The Government said all 10,500 birds at the farm would be humanely culled to limit the spread of the H5N8 strain and the risk to public health was very low. A detailed investigation is now underway to determine the source of the outbreak and a 3km and 10km Temporary Control Zone has been put in place around the infected site to limit the risk of the disease spreading.
Public Health England (PHE) and the Food Standards Agency assured consumers that avian influenzas pose a very low risk to people, and that properly cooked poultry products including eggs are safe to eat.
UK chief veterinary officer, Christine Middlemiss, who advises the Government on animal welfare, said “immediate steps” were taken to stop the disease from spreading when it was detected at the farm on Saturday.
She said: “Avian flu has been confirmed at a commercial turkey fattening farm near Northallerton, North Yorkshire.
“Immediate steps have been taken to limit the risk of the disease spreading and all the remaining turkeys at the farm will be culled.
”PHE has confirmed that the risk to public health is very low and the Food Standards Agency advises that bird flu poses a very low food safety risk for UK consumers.
“Bird keepers should remain alert for any signs of disease, report suspected disease immediately and ensure they are maintaining good biosecurity on their premises.
READ MORE: Britons urged to avoid ‘beautiful’ Devon black swans after flu deaths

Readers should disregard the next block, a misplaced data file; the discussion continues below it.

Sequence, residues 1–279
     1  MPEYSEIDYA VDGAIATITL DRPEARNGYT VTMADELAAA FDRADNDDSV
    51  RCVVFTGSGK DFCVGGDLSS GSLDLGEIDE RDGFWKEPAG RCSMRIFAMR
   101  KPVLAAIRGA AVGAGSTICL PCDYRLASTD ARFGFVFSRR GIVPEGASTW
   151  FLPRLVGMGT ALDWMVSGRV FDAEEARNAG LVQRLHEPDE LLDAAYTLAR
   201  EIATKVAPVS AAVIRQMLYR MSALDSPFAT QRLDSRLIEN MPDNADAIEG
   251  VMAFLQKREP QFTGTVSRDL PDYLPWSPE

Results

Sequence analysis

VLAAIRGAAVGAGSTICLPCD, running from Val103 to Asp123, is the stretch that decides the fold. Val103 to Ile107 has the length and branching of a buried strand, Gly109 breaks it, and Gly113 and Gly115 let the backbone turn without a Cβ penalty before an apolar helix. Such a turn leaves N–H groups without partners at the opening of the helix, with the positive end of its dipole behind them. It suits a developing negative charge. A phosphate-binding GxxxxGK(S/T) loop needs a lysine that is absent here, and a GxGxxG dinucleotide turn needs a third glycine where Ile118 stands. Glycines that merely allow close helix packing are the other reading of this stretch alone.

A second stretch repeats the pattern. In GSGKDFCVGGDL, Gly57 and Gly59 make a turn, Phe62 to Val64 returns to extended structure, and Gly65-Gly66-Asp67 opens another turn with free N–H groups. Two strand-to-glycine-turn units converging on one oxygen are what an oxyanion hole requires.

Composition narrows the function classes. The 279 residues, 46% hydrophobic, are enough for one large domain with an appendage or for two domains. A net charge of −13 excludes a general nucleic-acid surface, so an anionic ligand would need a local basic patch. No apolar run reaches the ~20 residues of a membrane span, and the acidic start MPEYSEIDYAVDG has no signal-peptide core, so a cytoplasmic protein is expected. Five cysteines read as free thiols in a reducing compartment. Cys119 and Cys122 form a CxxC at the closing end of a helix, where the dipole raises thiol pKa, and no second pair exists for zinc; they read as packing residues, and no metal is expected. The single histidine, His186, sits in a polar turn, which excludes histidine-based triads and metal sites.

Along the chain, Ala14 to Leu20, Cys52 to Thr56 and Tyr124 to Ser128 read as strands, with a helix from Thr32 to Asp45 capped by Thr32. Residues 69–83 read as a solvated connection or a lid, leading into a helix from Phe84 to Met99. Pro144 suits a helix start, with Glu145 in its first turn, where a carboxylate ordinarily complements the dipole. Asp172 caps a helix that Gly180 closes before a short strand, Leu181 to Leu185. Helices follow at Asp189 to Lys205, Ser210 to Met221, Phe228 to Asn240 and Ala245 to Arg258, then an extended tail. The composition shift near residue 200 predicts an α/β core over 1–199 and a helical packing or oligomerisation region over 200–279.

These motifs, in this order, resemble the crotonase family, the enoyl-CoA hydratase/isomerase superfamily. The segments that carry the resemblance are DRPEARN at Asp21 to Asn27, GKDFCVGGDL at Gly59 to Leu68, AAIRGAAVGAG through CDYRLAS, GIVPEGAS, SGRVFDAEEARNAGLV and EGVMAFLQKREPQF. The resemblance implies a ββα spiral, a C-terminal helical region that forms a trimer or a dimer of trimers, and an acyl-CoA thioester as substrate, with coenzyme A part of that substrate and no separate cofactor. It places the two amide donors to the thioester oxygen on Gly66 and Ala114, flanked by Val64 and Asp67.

“We are urgently looking for any evidence of disease spread associated with this farm to control and eliminate it.”
Dr Gavin Dabrera, consultant in acute respiratory infections at PHE, said the World Health Organisation has never confirmed a case of the avian flu strain (H5N8) in humans.
He said: “As a precaution the local Health Protection Team will offer routine health advice to those working on the farm. We will work with Defra to monitor the situation closely.”
With just weeks to go before Christmas, Defra has said it does not anticipate any impact on the supplies of turkeys or other birds over the festive period.
Wild birds migrating from mainland Europe during the winter period can spread the disease to poultry and other captive birds.
Earlier this month, bird flu caused the “devastating” deaths of six black swans in Dawlish, Devon, prompting local authorities to warn members of the public to stay away.
The swan deaths came amid a number of other bird-flu related fatalities in animal populations across the south west of England in recent weeks.
Three geese in Gloucestershire were found to have contracted a particular strain of avian flu called H5N8 last month.
They were found dead at the Wildfowl and Wetlands Trust in Slimbridge.